We realize how difficult it is to know another person or our self and how often we misunderstand one another. The narrator of In the Light of What We Know realizes this in his effort to understand the life of his friend. Yet, throughout the novel, as Sebald noted “…the truth lies elsewhere, away from it all, somewhere as yet undiscovered.”

The narration, which really resists any summary, also includes a fair amount of Zafar’s on and off love affair with Emily Hampton-Wyvern, whose father was an eminent judge and the family of an entirely different class than Zafar’s. The difficult relationships between the classes in England underlies much of Rahman’s characterization of Zafar and his thwarted loved affair with Emily.

In the Light of What We Know comes face-to-face with the limits of knowledge, of memory, perception, knowing our self, international aid programs, etc. That is the point of its obsession with Godel’s Theorem: “Within any given system there are claims which are true, but which cannot be proven to be true.”

In this respect, the novel is also a fictional account of this mathematical truth. It reminds us over and over that we know less than we think we do, that metaphors are a poor method of reaching the truth, that memories are often distorted and refashioned over time and that doubt and intellectual modesty is the source of wisdom.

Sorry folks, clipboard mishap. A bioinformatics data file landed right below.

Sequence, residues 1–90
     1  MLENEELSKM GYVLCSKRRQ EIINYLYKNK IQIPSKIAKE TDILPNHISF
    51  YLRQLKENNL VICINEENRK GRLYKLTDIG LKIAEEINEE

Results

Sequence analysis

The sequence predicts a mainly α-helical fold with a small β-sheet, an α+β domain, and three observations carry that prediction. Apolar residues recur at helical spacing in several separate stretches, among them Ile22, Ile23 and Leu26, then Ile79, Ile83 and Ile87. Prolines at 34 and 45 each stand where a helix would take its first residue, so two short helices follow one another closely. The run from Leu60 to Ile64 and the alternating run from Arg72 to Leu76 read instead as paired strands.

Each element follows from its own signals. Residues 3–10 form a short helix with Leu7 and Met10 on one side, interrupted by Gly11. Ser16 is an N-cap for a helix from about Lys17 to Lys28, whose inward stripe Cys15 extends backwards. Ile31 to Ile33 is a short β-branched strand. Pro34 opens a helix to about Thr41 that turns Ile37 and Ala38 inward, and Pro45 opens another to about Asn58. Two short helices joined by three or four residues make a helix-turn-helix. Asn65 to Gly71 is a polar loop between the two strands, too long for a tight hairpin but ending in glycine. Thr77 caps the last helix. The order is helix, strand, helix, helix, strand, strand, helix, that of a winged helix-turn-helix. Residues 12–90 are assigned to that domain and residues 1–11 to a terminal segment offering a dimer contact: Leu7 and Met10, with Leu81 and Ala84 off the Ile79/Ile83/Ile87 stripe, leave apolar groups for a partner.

Zafar had set himself to the pursuit of knowledge, and it is apparent to me now, in a way it was not before, that he had done so not in order to “better himself,” as the expression goes, but in order to lay ground for his feet to stand upon; in order, that is, to go home, somewhere, and take root. I believe that he had failed in this mission and had come to see, as he himself said in so many words, that understanding is not what this life has given us, that answers can only beget questions, that honesty commands a declaration not of faith but ignorance, and that the only mission available to us, one laid to our charge, if any hand was in it, is to let unfold the questions, to take to the river knowing not if it runs to the sea, and accept our place as servants of life.